Computer Security & Viruses/home pc

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Question
Hi!
I am concerned about security with my home pc.  I have done a lot of reading on hackers and such and have developed my own security blockade.  I just wonder what you opinion is.  I run Avast free antivirus.  I scan with malwarebytes and super anti spyware.  I use windows firewall.  I use ghostery in firefox and i use thunderbird as my email.  I turn off cookies while surfing unless i absolutely need them.  Is there any advice you could give me to do a more solid job?  I've tried zone alarm firewall, but i don't know if it's much better than windows firewall.  Thanks in advance

Answer
Where your computer is physically (in proximity to other people), how you use it (Where you go) and who uses it (ever) are equally as important.  I'm not comfortable with Windows Firewall but I run it on Windows machines.  "Using" a tool isn't as important as how its configured since it can be "in-use" but remain worthless if it isn't configured correctly.

Not using Internet Explorer or Outlook are the biggest improvements and you seem to have made these.  I don't know what "ghostery" is.  Turning off cookies is a waste of time because it doesn't enhance "security".  It helps protect your privacy.  Turning off third-party cookies can help your protect your privacy if you don't use your computer very much.  Whether or not you can do this depends on the version of Firefox.  Be careful using FF plugins.

Configuring a Windows machine well (properly) requires Microsoft training in my opinion.  There's really no other option other than that training unless you know how to use configuration checklists, auditing tools and penetration testing tools.  You can find out more about these things from the DISA website, here:
http://iase.disa.mil/
and
here:
http://iase.disa.mil/stigs/index.html

NIST also has checklists.

Does this help?  

Computer Security & Viruses

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John Crout

Expertise

Linux, Windows, Open/Free BSD, OSX. Embedded MMU-less (firmware) devt.

Experience

Securing systems since 1982. Tip: Switching from a system that is (statistically) more prevalent to one that is less prevalent will help.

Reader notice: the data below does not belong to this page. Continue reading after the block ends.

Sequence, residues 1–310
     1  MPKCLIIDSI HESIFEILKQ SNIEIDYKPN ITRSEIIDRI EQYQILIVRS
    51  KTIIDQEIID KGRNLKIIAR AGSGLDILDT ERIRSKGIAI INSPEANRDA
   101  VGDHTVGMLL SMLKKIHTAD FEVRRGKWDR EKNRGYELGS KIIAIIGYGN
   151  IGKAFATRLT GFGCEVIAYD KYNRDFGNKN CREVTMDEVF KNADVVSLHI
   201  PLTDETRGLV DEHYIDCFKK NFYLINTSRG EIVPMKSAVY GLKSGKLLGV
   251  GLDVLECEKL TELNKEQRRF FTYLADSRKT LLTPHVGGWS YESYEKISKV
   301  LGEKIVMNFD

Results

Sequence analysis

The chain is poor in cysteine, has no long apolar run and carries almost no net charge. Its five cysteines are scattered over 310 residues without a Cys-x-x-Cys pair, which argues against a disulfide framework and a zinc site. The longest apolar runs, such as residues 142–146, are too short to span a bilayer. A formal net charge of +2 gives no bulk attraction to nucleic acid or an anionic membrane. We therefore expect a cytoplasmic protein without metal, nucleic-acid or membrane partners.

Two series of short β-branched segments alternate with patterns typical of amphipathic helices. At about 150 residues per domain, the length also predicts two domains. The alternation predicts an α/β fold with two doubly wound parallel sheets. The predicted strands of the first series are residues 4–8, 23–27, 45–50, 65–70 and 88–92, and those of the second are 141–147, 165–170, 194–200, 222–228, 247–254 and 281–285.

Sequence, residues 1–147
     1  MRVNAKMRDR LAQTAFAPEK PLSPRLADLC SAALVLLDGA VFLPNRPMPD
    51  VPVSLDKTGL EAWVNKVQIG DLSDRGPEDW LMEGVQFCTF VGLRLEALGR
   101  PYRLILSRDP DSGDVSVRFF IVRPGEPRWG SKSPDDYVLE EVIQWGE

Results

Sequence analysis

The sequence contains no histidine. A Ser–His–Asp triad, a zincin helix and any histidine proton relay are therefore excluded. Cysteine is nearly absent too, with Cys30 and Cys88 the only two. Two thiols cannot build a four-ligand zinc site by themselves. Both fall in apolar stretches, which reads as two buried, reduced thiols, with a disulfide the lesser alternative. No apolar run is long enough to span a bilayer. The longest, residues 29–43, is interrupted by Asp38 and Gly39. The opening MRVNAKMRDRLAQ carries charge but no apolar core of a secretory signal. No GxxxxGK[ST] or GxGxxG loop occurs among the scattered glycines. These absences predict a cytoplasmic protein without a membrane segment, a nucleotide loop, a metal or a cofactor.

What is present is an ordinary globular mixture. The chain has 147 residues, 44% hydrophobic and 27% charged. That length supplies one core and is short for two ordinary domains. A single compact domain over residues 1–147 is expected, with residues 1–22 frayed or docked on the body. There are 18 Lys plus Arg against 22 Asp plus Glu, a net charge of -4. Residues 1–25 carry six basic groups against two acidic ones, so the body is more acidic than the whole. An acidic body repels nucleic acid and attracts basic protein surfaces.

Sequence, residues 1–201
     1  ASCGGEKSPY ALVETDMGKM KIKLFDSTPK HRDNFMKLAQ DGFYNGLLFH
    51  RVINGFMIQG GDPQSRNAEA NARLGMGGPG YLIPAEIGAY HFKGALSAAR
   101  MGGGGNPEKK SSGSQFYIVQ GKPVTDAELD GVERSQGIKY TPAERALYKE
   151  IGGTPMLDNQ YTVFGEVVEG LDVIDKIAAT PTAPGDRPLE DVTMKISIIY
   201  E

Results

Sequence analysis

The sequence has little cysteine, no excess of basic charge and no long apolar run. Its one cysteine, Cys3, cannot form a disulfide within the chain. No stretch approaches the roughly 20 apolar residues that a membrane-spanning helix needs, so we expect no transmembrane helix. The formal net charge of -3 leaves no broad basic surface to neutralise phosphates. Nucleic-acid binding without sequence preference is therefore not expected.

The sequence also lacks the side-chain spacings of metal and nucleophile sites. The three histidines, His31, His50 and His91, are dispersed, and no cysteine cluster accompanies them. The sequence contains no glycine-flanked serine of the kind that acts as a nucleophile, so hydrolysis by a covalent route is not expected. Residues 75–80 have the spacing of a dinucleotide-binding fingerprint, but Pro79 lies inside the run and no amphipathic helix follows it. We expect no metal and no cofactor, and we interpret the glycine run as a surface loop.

Organizations
Information Systems Security Association (ISSA) United States Coast Guard Auxiliary (USCG Auxiliary), ACM

Publications
Student Doctor Magazine EE Times Network World blog Navy CIO blog RTCA/DO-178B, "Software Considerations in Airborne Systems and Equipment Certification", (member of SC-167), RTCA/DO-160C, "Environmental Conditions and Test Procedures for Airborne Equipment", (member of SC-135)

Education/Credentials
Master of Public Health (Epidemiology and Biostatistics) Bachelor of Science in Electrical Engineering (Computer Engineering Option) Digital Forensics Basics, Texas Engineering Extension Secure Software, Texas Engineering Extension Network Security, Texas Engineering Extension Infosec Basics, Texas Engineering Extension Information Assurance Awareness, Department of Defense Information Systems Security, United States Coast Guard Online safety for parents and children, Fort Collins Police Department Spear Phishing, Defense Information Security Agency, DISA Spear Phishing, United States Coast Guard, USCG Meeting the Media, Testifying, Presentations, Arch Lustberg FEMA (ICS-100, -200, -210, -700, 800) United States Coast Guard Defense Information Systems Agency United States Coast Guard Auxiliary Crosby Quality Workgroup Facilitator Trainer Crosby Quality Education System Wisconsin University

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